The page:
Friday, December 21, 2007

Best Holiday Wishes

Best Holiday Wishes
Joyeux Noël à tous, Santé et prospérité en l'an 2008!

Originally uploaded by rambleonsylvie

Thursday, December 20, 2007

looking back

A nice year end meme (you know how I like them) thru Michael Stephens...
I traced it back as far as Marie Robinette Kowal, on live journal.

: Like Michael Stephens said:"I think we'll see this one RIPPLE across the Biblioblogosphere like crazy in the next few days.
February: Random thoughts (name dropping not so random):_Rachel Singer Gordon is really, really cool.
March: There has been a lot of talk about the latest announcement from Sirsidynix.
April: I've been slacking off, in the blogging department, lately. Big money worries here and everywhere.
May: Man, this is embarrassing. I start writing, save as draft, chicken out, repeat...
: OK, this is totally off topic, but I felt this insurmountable need to share the news... Today, I received a check from the state of Florida. Yippy!
: much talked about LIFESTYLE article in the NYT introduces us to a bunch of librarians that don't look like the ones we work with (not the ones I work with anyway...)
August: no post
September: Been busy here. You may already know how I think arranging physical space better can solve all kinds of issues in public areas.
October: read walkingpaper aaron says what I think
November: this will be my "outing" the AL post (''cause I am the AL after all, don't let imitators fool you...)
December: Yea! See, that is what we do after all... help people find their way, right?

no doubt I will be better (more insightful, more professional, more dedicated to blogging) next year

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Thursday, December 06, 2007

How appropriate!

Yea! See, that is what we do after all... help people find their way, right?

How about a GPS navigation system available for checkout?
Seems to me it makes perfect sense, whether people need it instead of an atlas for their next road trip, or to try it out before making a purchase. I love libraries that keep an open mind.
Bravo Darien.

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Tuesday, November 27, 2007

about refusal, and saying yes!

Last week, I read a Jenny Levine post quoting a YA librarian, who said: "I refuse to say NO". Brilliant!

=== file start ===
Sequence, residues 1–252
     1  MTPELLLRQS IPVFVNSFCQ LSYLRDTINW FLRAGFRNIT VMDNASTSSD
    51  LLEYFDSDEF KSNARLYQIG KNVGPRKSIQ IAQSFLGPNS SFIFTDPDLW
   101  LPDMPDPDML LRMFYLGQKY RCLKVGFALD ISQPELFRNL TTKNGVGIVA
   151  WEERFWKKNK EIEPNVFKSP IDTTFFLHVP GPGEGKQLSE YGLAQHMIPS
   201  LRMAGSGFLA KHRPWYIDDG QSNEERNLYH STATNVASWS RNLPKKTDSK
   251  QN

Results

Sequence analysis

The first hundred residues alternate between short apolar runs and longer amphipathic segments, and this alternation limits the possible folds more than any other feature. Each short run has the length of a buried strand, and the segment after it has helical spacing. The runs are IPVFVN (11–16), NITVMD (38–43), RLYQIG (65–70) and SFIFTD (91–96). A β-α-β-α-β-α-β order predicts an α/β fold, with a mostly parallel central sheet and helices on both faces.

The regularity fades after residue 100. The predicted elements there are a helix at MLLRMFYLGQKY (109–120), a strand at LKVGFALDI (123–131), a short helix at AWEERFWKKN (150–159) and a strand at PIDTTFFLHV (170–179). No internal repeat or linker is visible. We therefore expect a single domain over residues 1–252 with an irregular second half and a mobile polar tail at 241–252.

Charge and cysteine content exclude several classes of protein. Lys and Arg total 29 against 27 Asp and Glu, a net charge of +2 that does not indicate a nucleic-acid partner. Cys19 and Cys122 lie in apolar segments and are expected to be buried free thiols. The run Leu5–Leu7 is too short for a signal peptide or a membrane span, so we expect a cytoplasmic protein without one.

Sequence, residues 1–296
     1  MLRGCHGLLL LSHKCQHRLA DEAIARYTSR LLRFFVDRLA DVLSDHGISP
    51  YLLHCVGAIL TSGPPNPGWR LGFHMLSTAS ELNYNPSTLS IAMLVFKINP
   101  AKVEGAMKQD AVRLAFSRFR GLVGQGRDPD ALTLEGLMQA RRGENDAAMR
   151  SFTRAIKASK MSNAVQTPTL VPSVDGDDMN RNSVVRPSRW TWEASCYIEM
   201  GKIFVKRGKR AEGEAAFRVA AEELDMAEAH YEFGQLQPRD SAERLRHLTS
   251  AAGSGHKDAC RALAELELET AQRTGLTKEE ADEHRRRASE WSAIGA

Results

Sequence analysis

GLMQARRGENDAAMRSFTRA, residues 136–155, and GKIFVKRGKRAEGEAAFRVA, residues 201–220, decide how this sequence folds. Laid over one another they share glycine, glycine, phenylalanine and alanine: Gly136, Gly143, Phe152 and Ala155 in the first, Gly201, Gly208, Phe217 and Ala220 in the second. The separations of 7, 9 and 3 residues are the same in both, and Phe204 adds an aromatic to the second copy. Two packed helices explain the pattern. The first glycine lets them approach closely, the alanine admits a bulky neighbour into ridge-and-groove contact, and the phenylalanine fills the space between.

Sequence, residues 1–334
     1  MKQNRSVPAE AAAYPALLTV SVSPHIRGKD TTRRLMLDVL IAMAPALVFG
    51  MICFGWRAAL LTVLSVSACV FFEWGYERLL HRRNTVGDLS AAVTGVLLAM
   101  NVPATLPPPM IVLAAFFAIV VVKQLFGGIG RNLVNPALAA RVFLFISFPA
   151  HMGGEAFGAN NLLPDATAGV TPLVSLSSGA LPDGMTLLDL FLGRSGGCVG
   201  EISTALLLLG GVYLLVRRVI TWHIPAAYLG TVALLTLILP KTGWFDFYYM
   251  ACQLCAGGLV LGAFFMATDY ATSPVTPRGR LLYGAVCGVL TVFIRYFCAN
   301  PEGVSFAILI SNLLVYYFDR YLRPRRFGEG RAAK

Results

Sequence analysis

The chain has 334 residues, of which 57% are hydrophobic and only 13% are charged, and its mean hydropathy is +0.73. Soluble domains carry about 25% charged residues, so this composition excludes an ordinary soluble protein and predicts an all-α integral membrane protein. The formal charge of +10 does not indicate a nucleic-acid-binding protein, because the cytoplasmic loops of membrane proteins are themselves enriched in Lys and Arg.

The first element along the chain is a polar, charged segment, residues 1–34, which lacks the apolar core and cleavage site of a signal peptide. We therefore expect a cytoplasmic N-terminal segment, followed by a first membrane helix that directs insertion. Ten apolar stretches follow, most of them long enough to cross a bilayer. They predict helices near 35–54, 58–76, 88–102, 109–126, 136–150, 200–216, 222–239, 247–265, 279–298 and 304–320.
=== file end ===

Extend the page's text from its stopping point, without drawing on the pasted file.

Then, I read in HBR (the hard copy, still one of my favorite things at my public library) an article where psychologist John M. Gottman, a relationship specialist revealed the secret to great relationships was to "sprinkle yeses throughout your interactions" Brilliant2.
I say YES! I love this idea, "yes, I can help you", "yes we can try this", "yes it matters to us if it's important to you"...


One of the things I struggle with a lot is that I feel there continues to be a disconnect between great strides forward in library science and service, with staff being smart, innovative, fresh; and managing and funding bodies who tend to think their organizations should be "2.0" but their management and governance practices should not change.

It is the most important next step I see. Help them understand that innovation on their part is essential to innovation in the field. That "old fashion" management often brings the biggest barriers to true transformation. We have brilliant minds in the field who are producing some of the best technical improvements to library services, we have staff who keeps up. We have developed a culture of excellence in service that honors our roots and embraces new missions for us...

But we need management to PARTICIPATE in the transformation, not just watch it, applaud it and return to their office. Accept transparency as a way of life, decide that your user's participation will be worth your adjusting to the lack of control you have over it. Don't have a staff person WRITE YOUR BLOG! Be willing to defend myspace, gaming teens and food and drinks to your funding bodies. Be ready for imperfections, mistakes and great triumph. Resolve to say yes too.

ENTER YOUR BUILDINGS THRU THE FRONT DOOR, you may discover, understand and even become part of a great story.

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Tuesday, November 20, 2007


genius is, after all, my favorite word.

found this thru a nice new blog form the UK. cute, 025.04...
(the geek flickrs too.)

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Tuesday, November 13, 2007

my turn

this will be my "outing" the AL post (''cause I am the AL after all, don't let imitators fool you...) Here is the undeniable proof:

below find my dream sign, posted at the door of MPOW, it would be most appropriate and state my expectations of the 'patrons' unequivocally...

  • NO talking
  • NO drinking or eating
  • NO unattended children
  • NO cell phones
  • NO gaming
  • NO chatting
  • NO IM
  • NO flip flops
  • NO stupid questions